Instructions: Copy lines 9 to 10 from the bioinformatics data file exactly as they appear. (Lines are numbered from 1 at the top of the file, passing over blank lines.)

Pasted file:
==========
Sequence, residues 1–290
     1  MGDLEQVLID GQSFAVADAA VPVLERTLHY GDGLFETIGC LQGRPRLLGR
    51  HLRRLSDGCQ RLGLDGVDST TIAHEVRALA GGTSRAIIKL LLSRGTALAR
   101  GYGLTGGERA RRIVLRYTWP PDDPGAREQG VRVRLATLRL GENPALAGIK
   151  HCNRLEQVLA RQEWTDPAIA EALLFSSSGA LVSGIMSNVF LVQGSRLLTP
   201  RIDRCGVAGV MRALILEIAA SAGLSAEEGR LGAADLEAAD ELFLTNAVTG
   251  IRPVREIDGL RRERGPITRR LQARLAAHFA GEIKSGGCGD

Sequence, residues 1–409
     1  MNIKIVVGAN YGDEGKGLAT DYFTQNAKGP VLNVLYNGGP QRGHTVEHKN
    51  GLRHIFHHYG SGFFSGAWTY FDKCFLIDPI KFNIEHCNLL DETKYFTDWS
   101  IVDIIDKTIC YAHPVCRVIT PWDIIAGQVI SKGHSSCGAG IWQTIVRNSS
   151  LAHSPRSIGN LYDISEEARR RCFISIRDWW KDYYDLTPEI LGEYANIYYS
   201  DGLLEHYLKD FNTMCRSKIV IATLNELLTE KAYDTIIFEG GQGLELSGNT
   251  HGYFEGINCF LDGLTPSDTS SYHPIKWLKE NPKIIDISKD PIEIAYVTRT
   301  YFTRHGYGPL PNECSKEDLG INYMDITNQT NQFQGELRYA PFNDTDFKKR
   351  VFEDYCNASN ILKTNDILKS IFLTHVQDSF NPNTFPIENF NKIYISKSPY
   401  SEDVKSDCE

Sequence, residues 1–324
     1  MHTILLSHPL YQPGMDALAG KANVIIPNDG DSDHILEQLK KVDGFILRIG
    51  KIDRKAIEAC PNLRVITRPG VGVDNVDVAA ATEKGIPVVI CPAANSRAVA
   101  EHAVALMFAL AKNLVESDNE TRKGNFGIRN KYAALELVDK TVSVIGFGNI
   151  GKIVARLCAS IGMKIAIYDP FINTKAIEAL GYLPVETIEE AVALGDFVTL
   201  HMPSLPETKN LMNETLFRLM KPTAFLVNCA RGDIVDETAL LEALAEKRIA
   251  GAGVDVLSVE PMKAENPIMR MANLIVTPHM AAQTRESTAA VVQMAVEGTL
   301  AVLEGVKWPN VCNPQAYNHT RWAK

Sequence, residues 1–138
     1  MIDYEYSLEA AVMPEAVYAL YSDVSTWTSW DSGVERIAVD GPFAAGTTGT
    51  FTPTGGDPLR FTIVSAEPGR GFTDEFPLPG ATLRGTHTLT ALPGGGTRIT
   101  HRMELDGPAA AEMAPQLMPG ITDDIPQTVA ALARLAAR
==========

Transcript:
     1  MNIKIVVGAN YGDEGKGLAT DYFTQNAKGP VLNVLYNGGP QRGHTVEHKN
    51  GLRHIFHHYG SGFFSGAWTY FDKCFLIDPI KFNIEHCNLL DETKYFTDWS